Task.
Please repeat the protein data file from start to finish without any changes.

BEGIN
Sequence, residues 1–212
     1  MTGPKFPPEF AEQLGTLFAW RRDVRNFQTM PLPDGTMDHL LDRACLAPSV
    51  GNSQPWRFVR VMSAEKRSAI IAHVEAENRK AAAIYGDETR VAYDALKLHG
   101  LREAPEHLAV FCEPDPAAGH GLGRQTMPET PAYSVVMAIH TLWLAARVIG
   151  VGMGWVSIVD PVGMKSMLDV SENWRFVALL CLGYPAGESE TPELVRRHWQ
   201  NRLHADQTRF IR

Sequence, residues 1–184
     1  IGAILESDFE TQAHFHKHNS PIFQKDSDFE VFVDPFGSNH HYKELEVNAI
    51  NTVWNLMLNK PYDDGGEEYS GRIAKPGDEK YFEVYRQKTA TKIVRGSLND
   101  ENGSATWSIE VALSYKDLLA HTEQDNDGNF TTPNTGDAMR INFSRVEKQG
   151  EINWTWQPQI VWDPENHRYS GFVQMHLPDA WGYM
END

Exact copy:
Sequence, residues 1–212
     1  MTGPKFPPEF AEQLGTLFAW RRDVRNFQTM PLPDGTMDHL LDRACLAPSV
    51  GNSQPWRFVR VMSAEKRSAI IAHVEAENRK AAAIYGDETR VAYDALKLHG
   101  LREAPEHLAV FCEPDPAAGH GLGRQTMPET PAYSVVMAIH TLWLAARVIG
   151  VGMGWVSIVD PVGMKSMLDV SENWRFVALL CLGYPAGESE TPELVRRHWQ
   201  NRLHADQTRF IR

Sequence, residues 1–184
     1  IGAILESDFE TQAHFHKHNS PIFQKDSDFE VFVDPFGSNH HYKELEVNAI
    51  NTVWNLMLNK PYDDGGEEYS GRIAKPGDEK YFEVYRQKTA TKIVRGSLND
   101  ENGSATWSIE VALSYKDLLA HTEQDNDGNF TTPNTGDAMR INFSRVEKQG
   151  EINWTWQPQI VWDPENHRYS GFVQMHLPDA WGYM